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Sun Liyong, Yuhai Bao, Jiantao Liang, Mingchu Li, and Jian Ren

The posterior interhemispheric approach is a versatile approach to access lesions of the pineal region, posterior incisural space, posterior region of third ventricle, and adjacent structures. We demonstrate the case of a 26-year-old woman with symptoms of increased intracranial pressure and hydrocephalus caused by a meningioma at the posteromedial tentorial incisura. Gross-total removal of the tumor was successfully achieved via a posterior interhemispheric transtentorial approach. The patient reported an immediate and significant symptomatic improvement after surgery. The detailed operative technique and surgical nuances, including the surgical corridor, tentorium incision, tumor dissection and removal are illustrated in this video atlas.

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Gang Song, Liyong Sun, Yuhai Bao, and Jiantao Liang

The main objectives of microsurgery for vestibular schwannoma are total tumor removal and preservation of facial and cochlear nerve function. For giant tumors, total tumor removal and facial nerve function preservation are challenging. The semisitting position has some advantages. In this video the authors show the removal of a giant vestibular schwannoma with the patient in a semisitting position. They demonstrate the advantages of the semisitting technique, such as the two-handed microsurgical dissection technique and a clear operative field. Finally, a small residual tumor in the internal auditory canal was removed by endoscopy. The patient’s facial function was House-Brackmann grade I at discharge.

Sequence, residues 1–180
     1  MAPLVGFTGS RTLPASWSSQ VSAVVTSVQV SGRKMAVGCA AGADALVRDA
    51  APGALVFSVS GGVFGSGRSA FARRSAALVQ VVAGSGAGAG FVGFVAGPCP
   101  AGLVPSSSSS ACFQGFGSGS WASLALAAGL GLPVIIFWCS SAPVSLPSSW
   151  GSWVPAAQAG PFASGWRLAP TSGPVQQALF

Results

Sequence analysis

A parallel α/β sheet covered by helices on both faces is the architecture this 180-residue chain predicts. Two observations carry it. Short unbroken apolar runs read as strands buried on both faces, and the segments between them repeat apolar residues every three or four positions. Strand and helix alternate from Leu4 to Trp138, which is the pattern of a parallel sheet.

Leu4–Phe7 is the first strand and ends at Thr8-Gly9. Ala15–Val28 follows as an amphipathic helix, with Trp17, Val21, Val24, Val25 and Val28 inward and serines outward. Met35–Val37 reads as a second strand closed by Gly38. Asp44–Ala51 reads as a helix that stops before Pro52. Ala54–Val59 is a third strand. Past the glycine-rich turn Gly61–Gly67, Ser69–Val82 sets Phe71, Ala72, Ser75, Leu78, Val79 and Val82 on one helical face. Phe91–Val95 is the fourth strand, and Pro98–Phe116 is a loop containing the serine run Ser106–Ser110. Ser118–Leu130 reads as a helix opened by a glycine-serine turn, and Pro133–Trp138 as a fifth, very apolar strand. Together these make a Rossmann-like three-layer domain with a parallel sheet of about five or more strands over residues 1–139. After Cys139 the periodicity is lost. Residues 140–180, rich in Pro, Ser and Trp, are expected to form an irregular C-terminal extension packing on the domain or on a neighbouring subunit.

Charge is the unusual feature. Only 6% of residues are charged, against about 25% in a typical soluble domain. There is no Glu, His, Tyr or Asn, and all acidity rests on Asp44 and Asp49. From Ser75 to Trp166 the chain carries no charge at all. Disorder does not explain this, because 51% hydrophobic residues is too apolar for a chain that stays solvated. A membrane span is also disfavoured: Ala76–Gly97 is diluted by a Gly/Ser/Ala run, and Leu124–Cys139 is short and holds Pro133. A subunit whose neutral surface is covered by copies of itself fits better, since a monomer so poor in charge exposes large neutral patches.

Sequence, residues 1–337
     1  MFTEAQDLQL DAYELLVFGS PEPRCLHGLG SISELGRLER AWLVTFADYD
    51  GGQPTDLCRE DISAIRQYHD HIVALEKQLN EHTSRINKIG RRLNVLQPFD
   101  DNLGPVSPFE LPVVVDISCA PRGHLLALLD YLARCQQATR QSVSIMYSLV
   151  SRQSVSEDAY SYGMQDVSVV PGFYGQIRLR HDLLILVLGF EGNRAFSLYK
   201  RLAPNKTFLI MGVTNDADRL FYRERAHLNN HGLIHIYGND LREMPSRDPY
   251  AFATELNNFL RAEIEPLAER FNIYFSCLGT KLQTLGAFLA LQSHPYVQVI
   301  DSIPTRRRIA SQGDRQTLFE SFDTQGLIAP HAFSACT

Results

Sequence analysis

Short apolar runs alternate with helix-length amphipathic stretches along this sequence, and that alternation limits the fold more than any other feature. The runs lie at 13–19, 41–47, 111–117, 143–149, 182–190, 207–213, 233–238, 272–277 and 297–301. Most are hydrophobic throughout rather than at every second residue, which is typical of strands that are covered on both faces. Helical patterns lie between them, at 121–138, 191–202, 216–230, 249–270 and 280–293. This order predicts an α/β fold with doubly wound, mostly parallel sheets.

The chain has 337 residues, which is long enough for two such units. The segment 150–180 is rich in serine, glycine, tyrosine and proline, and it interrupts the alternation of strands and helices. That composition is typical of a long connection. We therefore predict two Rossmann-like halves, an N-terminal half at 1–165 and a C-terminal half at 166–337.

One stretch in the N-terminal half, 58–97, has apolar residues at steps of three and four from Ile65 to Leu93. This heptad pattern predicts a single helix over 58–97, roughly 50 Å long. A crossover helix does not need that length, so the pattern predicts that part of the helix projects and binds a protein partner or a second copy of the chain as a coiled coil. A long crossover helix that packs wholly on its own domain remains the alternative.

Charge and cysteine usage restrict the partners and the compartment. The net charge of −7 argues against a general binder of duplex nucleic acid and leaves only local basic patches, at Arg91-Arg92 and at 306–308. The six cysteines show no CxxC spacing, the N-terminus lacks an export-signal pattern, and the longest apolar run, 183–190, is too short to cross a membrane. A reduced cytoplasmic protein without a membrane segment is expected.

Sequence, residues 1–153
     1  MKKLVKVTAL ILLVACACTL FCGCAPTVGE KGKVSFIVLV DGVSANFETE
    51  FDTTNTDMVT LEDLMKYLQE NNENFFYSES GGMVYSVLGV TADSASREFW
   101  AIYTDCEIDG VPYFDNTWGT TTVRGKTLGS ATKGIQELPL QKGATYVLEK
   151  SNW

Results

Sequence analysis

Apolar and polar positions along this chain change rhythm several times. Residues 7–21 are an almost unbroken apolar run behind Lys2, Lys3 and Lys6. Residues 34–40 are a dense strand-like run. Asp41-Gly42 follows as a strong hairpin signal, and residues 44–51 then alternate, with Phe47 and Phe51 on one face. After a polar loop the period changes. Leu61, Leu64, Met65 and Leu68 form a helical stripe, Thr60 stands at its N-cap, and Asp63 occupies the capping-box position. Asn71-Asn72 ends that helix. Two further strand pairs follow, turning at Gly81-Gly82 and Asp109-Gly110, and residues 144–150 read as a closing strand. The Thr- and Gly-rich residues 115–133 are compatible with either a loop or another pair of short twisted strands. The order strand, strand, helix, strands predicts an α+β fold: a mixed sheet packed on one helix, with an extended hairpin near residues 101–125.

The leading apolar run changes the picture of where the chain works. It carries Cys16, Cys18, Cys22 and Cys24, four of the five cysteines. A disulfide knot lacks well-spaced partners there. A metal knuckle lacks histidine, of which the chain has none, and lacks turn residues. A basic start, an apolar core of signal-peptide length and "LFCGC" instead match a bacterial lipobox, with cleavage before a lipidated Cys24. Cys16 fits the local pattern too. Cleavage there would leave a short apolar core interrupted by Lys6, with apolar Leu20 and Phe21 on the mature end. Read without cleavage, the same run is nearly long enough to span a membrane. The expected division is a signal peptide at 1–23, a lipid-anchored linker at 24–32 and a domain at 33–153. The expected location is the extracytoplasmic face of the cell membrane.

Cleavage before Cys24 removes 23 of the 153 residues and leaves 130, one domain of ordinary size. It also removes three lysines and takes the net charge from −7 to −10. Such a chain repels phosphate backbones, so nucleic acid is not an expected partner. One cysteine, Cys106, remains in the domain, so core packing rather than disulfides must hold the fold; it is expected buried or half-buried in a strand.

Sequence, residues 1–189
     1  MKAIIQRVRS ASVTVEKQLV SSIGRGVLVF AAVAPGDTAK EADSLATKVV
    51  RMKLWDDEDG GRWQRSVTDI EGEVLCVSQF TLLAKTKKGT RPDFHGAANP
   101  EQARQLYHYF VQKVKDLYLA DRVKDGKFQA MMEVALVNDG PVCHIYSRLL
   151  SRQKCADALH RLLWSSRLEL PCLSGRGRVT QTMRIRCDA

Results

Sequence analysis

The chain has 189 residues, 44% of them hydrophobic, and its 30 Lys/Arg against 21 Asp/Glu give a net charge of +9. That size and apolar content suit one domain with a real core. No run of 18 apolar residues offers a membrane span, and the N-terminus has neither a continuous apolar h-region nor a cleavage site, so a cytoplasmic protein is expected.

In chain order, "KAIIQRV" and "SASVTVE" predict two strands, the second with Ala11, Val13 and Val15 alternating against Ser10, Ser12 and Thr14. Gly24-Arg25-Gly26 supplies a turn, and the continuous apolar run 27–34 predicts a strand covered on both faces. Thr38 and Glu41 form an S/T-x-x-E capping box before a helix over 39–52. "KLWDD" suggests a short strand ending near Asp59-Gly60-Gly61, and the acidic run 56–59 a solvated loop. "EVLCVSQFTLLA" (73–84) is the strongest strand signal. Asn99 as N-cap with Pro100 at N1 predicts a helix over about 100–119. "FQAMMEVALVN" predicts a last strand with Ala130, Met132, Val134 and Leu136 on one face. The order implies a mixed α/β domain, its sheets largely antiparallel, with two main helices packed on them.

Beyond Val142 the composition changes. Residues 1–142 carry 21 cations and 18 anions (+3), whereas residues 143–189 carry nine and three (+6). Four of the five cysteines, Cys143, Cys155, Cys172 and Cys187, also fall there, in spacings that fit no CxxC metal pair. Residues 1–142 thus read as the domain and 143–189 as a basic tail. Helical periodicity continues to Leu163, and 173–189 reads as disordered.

The video can be found here:

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Jian-tao Liang, Yu-hai Bao, Hong-qi Zhang, Li-rong Huo, Zhen-yu Wang, and Feng Ling


The authors conducted a study to assess the clinical pattern, radiological features, therapeutic strategies, and long-term outcomes in patients with intramedullary spinal cord cavernomas (ISCCs) based on a large case series.


This retrospective study identified 96 patients (60 males, 36 females) surgically (81 cases) or conservatively (15 cases) treated for ISCCs between May 1993 and November 2007. Each diagnosis was based on MR imaging and spinal angiography evidence. For all surgically treated patients, the diagnosis was verified pathologically. The neurological outcomes pre- and postoperatively, as well as long-term follow-up, were assessed using the Aminoff-Logue Disability Scale.


The mean age at the onset of symptoms was 34.5 years (range 9–80 years). Of the lesions, 68 (71%) were located in the thoracic spine, 25 (26%) in the cervical spine, and only 3 (3%) in the lumbar spine. The median symptom duration was 19.7 months. The clinical behavior of the lesion was a slow progression in 73 cases and an acute decline in 23 cases. Long-term follow-up data (mean 45.8 months, range 10–183 months) were available for 75 patients (64 surgical cases and 11 conservative cases). In the surgical group, a complete resection was achieved in 60 patients, and incomplete resection was detected in 4 patients after operation. At the end of the follow-up period in the operative group, 23 patients (36%) improved, 35 (55%) remained unchanged, and 6 (9%) worsened. In the nonoperative group, 5 patients improved, 6 patients remained unchanged, and none worsened.


For differential diagnosis, spinal angiography was necessary in some cases. For most symptomatic lesions, complete microsurgical resection of the symptomatic ISCC is safe and prevents rebleeding and further neurological deterioration. However, in patients whose lesions were small and located ventrally in the spinal cord, one can also opt for a rigorous follow-up, considering the high surgical risk.